Candidates and their Health: A Call for Independent Analysis


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By Arthur Garson, Jr., MD, MPH, MACC, Director, TMC Health Policy Institute | September 19, 2016

Recent scrutiny of Hillary Clinton’s pneumonia diagnosis and Donald Trump’s gastroenterologist’s letter reveals how the dynamic is shifting in regard to health disclosures from presidential candidates. Past candidates and sitting presidents have approached health disclosures over the years, so there is no consistent precedent.

What are the rules? When running for public office, your life is an open book. The definition of open has changed over the years, though. If our current definition had been in effect in the 1960s, the secret visits by doctors to the White House might not have occurred. As the definition evolves, so does the public’s expectations of what candidates should disclose.

Go back to 1944: President Franklin D. Roosevelt was ill, but the public had no idea how ill he was. His doctor wrote a letter stating Roosevelt’s health was strong, and then FDR died from a massive stroke shortly after being elected. Much has been written about President John F. Kennedy, who publicly complained about his bad back (and related that to a war injury).

Unknown at the time, though, was that Kennedy had Addison’s disease — a condition where the glands don’t produce enough hormones and can lead to fatigue, joint pain and low blood sugar. At times, he was on eight medications, and his father sent ahead packages of medicines for trips that Kennedy made.

In more recent times, almost all candidates have at least released letters from their personal physicians providing a high-level overview of their health. Senator John McCain in the 2008 election made 1,200 pages of medical records available to a group of journalists, and he was declared “fit” by them. In the 1996 campaign, President Bill Clinton said, “The public has a right to know the condition of the president’s health.”

In 2016, the 24/7 news cycle, uptick in social media and citizen journalists tweeting observations means that for a candidate to be truly open, she or he must declare everything. Changes in a candidate’s medical history should be reported as soon as available. But what threshold is there for how significant the changes must be — or how serious the medical condition — in order to be reported? For example, is a campaign required to report that the candidate has a cold?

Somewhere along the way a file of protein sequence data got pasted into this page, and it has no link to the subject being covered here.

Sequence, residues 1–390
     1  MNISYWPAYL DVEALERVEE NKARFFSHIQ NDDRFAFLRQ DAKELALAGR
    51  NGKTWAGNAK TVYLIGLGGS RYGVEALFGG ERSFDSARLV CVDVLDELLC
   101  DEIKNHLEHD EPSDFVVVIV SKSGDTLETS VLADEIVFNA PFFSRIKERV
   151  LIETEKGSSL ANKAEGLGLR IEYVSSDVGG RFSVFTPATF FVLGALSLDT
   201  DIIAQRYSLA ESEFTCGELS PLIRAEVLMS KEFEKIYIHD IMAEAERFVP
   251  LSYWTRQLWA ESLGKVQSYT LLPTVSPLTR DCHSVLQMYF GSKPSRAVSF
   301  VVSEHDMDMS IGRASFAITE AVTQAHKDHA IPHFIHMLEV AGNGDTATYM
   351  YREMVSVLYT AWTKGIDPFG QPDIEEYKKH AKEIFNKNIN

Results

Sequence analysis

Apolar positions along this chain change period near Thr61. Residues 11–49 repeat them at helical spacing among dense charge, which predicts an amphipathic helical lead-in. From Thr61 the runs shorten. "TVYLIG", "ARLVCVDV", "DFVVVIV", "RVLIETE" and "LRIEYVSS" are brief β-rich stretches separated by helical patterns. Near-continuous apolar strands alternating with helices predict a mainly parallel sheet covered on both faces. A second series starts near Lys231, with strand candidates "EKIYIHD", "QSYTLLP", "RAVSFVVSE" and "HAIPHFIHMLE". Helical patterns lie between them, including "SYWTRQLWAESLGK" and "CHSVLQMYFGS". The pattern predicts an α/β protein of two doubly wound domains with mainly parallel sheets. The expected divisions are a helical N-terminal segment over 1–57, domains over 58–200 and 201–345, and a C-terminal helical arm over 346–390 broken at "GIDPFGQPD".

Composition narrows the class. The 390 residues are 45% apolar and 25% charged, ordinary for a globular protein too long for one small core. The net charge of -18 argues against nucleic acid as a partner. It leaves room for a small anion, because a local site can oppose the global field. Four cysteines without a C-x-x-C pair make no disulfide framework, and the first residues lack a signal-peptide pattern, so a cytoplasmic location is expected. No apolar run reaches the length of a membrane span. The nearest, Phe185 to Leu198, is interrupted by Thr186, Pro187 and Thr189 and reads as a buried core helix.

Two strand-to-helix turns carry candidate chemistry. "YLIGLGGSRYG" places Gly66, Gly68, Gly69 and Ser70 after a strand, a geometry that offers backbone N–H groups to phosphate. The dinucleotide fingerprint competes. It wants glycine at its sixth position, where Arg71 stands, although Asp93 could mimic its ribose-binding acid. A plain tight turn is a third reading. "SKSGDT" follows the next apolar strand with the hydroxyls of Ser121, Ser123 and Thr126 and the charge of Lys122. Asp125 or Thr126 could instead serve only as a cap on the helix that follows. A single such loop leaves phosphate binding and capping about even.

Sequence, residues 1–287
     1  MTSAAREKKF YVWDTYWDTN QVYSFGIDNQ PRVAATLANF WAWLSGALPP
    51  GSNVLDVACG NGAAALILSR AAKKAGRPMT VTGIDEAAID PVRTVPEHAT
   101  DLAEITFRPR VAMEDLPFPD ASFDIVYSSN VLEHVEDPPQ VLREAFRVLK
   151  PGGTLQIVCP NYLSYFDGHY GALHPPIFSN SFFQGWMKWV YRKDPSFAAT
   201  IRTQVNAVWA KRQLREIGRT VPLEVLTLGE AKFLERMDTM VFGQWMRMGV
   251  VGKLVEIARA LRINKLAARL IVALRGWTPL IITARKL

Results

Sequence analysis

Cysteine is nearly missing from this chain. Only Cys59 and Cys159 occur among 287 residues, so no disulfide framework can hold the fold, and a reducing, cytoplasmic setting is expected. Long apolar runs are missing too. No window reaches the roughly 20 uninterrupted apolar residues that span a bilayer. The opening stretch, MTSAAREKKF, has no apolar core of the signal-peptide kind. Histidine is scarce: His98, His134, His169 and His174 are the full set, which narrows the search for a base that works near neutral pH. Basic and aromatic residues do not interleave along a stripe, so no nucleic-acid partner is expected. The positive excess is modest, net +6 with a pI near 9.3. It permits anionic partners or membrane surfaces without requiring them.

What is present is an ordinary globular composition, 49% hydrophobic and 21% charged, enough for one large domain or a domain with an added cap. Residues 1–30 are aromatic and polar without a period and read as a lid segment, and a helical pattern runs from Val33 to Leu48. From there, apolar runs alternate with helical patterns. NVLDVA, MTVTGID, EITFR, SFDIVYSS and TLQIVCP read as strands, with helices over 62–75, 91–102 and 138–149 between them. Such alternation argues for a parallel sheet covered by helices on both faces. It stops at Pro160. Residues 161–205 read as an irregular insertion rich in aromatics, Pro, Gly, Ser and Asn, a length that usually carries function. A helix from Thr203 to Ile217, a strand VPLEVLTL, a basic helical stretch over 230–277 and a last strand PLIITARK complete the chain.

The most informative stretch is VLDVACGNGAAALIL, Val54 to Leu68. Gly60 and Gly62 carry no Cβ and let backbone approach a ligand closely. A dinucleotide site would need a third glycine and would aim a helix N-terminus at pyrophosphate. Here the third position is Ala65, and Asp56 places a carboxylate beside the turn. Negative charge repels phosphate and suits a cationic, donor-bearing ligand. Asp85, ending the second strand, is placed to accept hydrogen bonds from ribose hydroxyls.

As a physician, I know a pneumonia diagnosis can vary greatly in seriousness—from seeming like a bad cold to being life-threatening. That kind of diagnosis should not be thrown around lightly. But our current system does not support a transparent approach to disclosing these diagnoses.

So what should we do? Some candidates have produced health summaries in past elections, but even Sen. McCain’s 1,200 pages were probably not his entire medical record. This is not to say anything was missing, but who decides what to include? We have seen through history that the candidate’s or president’s physician may not fully disclose the facts.

I like the idea of an independent panel of physicians reviewing the presidential candidates’ and vice-presidential candidates’ entire medical records— yes, all of it —and then reporting those findings to the public. The public may demand full access; so be it, not because the public will learn more, but because it is the transparent thing to do.

Interestingly, the Federal Election Commission currently requires no statement on health. Here’s an idea: the commission should modify the rules and require candidates to make their full medical records available to the commission within seven days of becoming the nominee. The Election Commission would be responsible for choosing the physicians to serve on the review panel, and the panel would release the results one month after the candidates are chosen. The commission could decide whether to release all the medical records to the public.

If we do this, candidates will know the rules in advance—as it is, with the murky rules, disclosure has become a political football. It is time we take a different approach that ensures a consistent and independent analysis of our candidates’ health, relying on professional opinions rather than those of political pundits.

Originally published by The Hill

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